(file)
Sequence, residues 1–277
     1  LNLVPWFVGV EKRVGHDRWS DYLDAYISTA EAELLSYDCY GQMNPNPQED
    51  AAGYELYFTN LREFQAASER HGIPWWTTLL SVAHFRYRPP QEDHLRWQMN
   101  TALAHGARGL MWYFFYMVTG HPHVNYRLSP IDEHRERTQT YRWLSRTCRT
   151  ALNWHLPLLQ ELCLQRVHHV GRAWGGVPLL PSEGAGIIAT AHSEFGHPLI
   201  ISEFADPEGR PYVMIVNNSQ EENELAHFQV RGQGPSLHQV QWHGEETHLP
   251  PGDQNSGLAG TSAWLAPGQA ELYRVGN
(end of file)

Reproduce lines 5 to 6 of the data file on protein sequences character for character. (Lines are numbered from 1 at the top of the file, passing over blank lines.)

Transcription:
   151  ALNWHLPLLQ ELCLQRVHHV GRAWGGVPLL PSEGAGIIAT AHSEFGHPLI
   201  ISEFADPEGR PYVMIVNNSQ EENELAHFQV RGQGPSLHQV QWHGEETHLP